On the other hand weren't there some issues about chip plants being funded and then out of date before the papers were off the table?

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Anonymous Coward

I don't mind the government creating jobs

For chinless wonders, but aren't they supposed to be put into highly paid positions where they can do no harm?

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New Labour were very relaxed about individuals becoming extremely rich, but in return they created a whole range of non-jobs in the Public sector to assign to their supporters.

You can spot these types because their job titles include words such as Outreach, Coordinator, etc and are often combined with Youth and Elderly. A good example of their work is the creation of travel plans for schools. As if parents who drive their kids to school have not considered walking, cycling or taking the bus!

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"No one at Nesta has a science or engineering background"

Which says it all really. Does anyone know how much PWC got for their involvement?

Thank you Andrew for the insight, depressing as it is. Plus ca change...

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Anonymous Coward

Re: Which says it all really

I have this idea for a money-distributing quango: we get a panel of scientists together and decide how to spend the money on the arts & artists :-)

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Re: Which says it all really

@Anon Big LOL! That is an EXCELLENT idea, but all we'd have to show for it would be comic books, novelty ties and ironic t-shirts.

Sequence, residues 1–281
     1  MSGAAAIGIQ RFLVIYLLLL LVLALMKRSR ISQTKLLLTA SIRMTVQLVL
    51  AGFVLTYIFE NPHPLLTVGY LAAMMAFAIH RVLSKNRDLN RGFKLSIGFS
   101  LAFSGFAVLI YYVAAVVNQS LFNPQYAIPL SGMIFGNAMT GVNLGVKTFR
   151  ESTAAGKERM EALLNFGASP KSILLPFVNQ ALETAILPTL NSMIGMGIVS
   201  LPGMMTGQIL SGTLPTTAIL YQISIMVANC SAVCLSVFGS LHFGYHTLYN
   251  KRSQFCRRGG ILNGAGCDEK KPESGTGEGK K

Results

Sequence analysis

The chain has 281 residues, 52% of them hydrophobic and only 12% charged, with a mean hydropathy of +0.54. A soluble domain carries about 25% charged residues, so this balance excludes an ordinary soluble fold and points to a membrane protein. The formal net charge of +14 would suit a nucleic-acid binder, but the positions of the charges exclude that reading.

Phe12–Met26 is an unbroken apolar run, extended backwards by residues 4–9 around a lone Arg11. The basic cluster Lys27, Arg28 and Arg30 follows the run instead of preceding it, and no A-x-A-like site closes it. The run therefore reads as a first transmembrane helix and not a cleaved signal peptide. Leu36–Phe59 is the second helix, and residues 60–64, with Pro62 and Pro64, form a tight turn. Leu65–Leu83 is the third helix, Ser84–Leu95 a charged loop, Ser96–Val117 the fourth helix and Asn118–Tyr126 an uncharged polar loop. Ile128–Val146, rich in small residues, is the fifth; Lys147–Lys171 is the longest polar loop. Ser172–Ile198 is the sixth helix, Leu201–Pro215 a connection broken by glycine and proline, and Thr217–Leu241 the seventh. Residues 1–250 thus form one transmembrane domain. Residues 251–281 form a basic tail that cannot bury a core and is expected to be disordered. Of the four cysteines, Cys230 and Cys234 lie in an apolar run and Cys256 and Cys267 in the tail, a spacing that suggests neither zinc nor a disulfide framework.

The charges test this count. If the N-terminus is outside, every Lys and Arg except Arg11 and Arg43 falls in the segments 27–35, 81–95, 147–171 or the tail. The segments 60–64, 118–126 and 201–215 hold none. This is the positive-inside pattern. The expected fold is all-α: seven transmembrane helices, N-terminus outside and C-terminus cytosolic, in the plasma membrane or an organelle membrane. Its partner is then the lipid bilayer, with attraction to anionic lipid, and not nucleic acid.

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Happy

Re: comic books, novelty ties and ironic t-shirts.

Oh, I don't know. You'd be surprised at how artistic theoretical calculations, computer modelling, and (e.g.) high-vacuum cold atom sculpture is. Especially once it had been properly funded.

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Anonymous Coward

Quango's like NESTA

Are there to give well paid jobs to the Sir Brownnose and Lord Fuck'titup's of the 1%, who's only abilities are receiving large salaries and sitting around in committees chatting to their mates whilst consuming large quantities of tax payer cash.

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I'm from the government and I'm here to help...

...myself.

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Nesta had ***four*** grandiose ambitions

Ambition zero was the most important:

0. Provide a way to funnel money and/or power to parasitical government hangers-on - friends, relatives, lovers, minders and fixers, those who've done favours and those from whom you expect favours.

That's the real job most quangos do.

The real lesson is don't expect anything from the government. Sell your house. Find an investor. Find an investor who will sell his house. But don't go near the zombie hand of government "assistance".

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Anonymous Coward

Labour are thick. Not as thick as the people who vote for them, but still... thick.

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Flame

And Cameron and Osborne are right fucking Einsteins aren't they?

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Mushroom

And Cameron / Osborne are right flippin' Einsteins aren't they?

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I wholeheartedly concur...

...and admire your remarkable restraint in your descriptions.

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When do you start filming the next series of Secret Millionaire...?

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Boffin

@DaneB

Indeed Sir, Cameron & Osborne are particularly repellent examples of humanity, BUT...

Their being repellent does not automatically preclude Labour from being more than somewhat dense. Furthermore, a statement describing Labour as extremely lacking in the brightness department is in no way indicative of an endorsement of the other lot.